The IMO is the maritime organisation of the United Nations and the most important forum for international cooperation in the area of safety at sea and the prevention of pollution at sea.
The IMO prepares regulations and standards for international shipping relating to safety at sea (SOLAS Convention, ISPS Code), pollution (MARPOL and OPRC Conventions), certification and training (STCW Convention) and other areas (with a total of around 40 conventions). The IMO has 169 member states and cooperates with over 30 non-governmental organisations (NGOs).
The IMO is a technical organisation, and most of the IMO's work takes place in a number of committees and subcommittees, 14 in total. Most of these committees meet for a week every year. The Confederation of Norwegian Enterprise (NHO) and the Norwegian Maritime Directorate appoint and manage the Norwegian delegations to the IMO's committees. The Norwegian Coastal Administration participates on a number of these committees, some on a permanent basis and some on an ad hoc basis.
The most important IMO committees for the Norwegian Coastal Administration are:
- MSC (Maritime Safety Committee).
- MEPC (Marine Environment Protection Committee).
- NAV (Safety of Navigation).
- COMSAR (Radiocommunications and Search and Rescue).
Important IMO issues for the Norwegian Coastal Administration include:
- Development of the e-navigation concept.
- Development of binding guidelines for ships operating in polar regions (Polar Code).
- Approval of risk-reducing ship routeing measures.
- Approval of ship reporting systems, such as Safe Sea Net (SSN).
- Developments related to Automatic Identification System (AIS).
- Developments related to Long Range Identification and Tracking (LRIT).
- Regulations and standards related to the pilot service.
- ISPS Code – International Ship and Port Facility Security Code.
The Norwegian Coastal Administration is responsible with regard to work within the IMO as the coastal state authority and port state control authority.
Preliminary Norwegian meetings, where the relevant agencies and stakeholders participate, are held prior to every IMO meeting, to formulate Norwegian points of view.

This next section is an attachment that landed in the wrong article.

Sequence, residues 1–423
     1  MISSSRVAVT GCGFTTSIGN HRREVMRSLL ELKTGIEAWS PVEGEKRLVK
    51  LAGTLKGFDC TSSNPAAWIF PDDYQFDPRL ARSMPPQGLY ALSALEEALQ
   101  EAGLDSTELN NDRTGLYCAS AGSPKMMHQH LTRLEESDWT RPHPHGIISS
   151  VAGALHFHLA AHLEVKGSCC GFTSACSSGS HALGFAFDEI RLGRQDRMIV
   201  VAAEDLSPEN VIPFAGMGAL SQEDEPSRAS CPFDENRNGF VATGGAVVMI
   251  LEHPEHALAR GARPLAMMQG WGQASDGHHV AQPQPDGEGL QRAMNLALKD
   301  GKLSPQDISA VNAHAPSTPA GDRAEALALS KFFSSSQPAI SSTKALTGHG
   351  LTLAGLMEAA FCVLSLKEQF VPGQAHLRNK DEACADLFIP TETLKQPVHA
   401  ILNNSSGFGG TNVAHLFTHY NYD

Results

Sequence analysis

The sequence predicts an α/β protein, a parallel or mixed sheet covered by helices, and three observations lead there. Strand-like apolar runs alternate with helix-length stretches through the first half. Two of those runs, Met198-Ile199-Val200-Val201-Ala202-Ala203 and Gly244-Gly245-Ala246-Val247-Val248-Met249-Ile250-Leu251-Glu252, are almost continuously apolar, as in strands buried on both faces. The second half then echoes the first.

Changing Norwegian Sector Lights to Fit IALA Standards
In the period 2019 to 2025, the Norwegian Coastal Administration will be reorganizing the sectors of around 1900 sector lights in compliance with the standard defined by IALA.
Contact information for transition of sector lights to IALA Standard
Below you will find contact information to persons who can answer questions on the transition of sector lights to IALA standards.
New whistle blowing channel established
The Norwegian Coastal Administration (NCA) has established a new whistleblowing channel. Employees, suppliers, external third parties and the public may report issues and concerns in a secure manner through this whistleblowing channel.
Russian nuclear power plant without fuel to be transported along the Norwegian coastline
The transport of the Russian floating nuclear power plant "Akademik Lomonosov" started Friday the 27th of April from St. Petersburg heading to Murmansk. The nuclear power plant will not have nuclear fuel on board during transport, but the Norwegian Coastal Administration and the Norwegian Radiation Protection Agency will nevertheless follow the transport closely along the Norwegian coast.
Introducing New Regulations for Pilot Bookings
On April 3, 2018, the Norwegian Coastal Administration (NCA) will introduce new booking regulations for requesting marine pilots. The regulations will thus be formalized and merged into one set ‒ Regulations on Compulsory Pilotage.
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